Intel begins the era of the ultrabook and Windows 8 touch devices

Intel’s Shmuel “Mooly” Eden came out on stage today at CES 2012 dancing to some classic ‘tunes’ (eg Chubby Checker) looking like your embaressing uncle at a party.

Mooly opened by telling the audience that “they want the notebook to be nice. They want the notebook to be small, sleek, sexy”, he  goes on to say that what consumers and business users really want is an ultrabook.


A laptop that is both powerful and thin, making it light. At affordable prices, most companies would want to equip their workforce with such devices as it makes remote working easier and also helps by not causing backpain when being transported in a rucksack.

Mooly goes on to say that “Intel is working to make every component slimmer to make ultrabooks thin”.

Intel Capital is to invest $330 million in ultrabook production from Intel’s OEM partners. Such staggering figures shows that the success of the Macbook Air has not gone unnoticed but Intel are looking to take the ultrabook much further in terms of technological advancements.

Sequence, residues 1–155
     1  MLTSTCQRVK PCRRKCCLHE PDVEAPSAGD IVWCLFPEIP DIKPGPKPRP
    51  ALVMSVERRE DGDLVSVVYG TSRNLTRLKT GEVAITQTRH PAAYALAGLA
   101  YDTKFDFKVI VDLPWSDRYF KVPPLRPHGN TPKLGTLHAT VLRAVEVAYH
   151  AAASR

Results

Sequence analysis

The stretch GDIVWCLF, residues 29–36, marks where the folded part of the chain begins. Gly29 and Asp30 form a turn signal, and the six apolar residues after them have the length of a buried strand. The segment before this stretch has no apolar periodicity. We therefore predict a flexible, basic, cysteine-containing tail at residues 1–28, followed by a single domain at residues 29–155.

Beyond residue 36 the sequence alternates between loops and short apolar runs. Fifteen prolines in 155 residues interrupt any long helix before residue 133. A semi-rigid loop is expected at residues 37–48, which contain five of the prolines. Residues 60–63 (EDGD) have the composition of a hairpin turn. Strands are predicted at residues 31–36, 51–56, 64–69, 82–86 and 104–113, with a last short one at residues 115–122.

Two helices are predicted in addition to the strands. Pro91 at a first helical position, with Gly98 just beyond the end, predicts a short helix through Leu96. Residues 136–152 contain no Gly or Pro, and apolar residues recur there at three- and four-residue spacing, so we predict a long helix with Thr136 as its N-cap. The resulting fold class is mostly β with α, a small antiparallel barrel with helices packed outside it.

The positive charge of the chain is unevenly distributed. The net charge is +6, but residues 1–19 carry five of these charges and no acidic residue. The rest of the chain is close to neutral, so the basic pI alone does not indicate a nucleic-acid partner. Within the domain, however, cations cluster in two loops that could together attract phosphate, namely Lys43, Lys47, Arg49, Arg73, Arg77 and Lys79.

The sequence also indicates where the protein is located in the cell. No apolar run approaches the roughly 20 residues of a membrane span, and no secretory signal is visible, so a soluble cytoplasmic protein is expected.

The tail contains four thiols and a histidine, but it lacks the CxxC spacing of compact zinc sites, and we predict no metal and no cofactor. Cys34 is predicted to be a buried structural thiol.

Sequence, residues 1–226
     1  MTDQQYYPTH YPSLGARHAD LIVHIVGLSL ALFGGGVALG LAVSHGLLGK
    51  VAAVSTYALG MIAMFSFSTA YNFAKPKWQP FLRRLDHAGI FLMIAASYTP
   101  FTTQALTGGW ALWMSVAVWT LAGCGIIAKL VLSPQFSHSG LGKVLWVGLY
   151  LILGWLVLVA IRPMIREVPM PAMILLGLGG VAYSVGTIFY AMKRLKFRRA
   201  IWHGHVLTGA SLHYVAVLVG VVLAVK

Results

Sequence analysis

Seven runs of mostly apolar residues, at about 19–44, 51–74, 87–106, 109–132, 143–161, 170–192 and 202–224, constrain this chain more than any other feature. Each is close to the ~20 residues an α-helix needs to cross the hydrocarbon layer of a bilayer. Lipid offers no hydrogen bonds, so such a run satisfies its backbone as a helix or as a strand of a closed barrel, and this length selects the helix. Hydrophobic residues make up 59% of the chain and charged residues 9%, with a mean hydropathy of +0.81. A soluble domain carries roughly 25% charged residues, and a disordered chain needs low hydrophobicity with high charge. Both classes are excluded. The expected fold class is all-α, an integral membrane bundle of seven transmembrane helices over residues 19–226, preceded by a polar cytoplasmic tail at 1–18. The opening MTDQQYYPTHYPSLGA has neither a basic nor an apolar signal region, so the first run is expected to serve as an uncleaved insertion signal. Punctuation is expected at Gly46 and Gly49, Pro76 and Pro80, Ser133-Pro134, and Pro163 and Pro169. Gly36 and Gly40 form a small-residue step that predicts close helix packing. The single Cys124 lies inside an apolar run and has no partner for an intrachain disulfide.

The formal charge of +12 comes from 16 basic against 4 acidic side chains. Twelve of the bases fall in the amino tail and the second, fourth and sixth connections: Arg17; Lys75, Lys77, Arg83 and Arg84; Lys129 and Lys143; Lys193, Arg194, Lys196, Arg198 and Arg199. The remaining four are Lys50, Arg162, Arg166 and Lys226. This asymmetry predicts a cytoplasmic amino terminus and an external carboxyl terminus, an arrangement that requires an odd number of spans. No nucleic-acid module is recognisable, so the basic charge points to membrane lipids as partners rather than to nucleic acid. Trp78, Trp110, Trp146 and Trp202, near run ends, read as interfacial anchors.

The Ultrabooks that Mooly has on stage have built in NFC readers to make transactions and the exchange of information quicker and easier. There are reservations about the security of such functionality, especially for the business sector, Mooly reassures the audience by saying that this technology will be “100% secure”.

The example he shows is that he places a credit card with an NFC chip on the trackpad and the ultrabook scans it instantly.

Using NFC, tapping the ultabook the users data gets transported into the form for address and credit card information.

The ultrabook also has a touch-screen (front and back) and runs on Windows 8. Th eultrabook looks like any other laptop when open but has a transparent touchscreen on the back. When you close it, you can interact via touch, the default is the tile-based Windows 8 interface.

Mooly also says that the ultrabooks, the ones he has on stage are by Acer, Toshiba, Asus and LG, will be priced “competitively” which is probably a reference to the Macbook Air’s high starting price but there is no indication of what this price-point will be.

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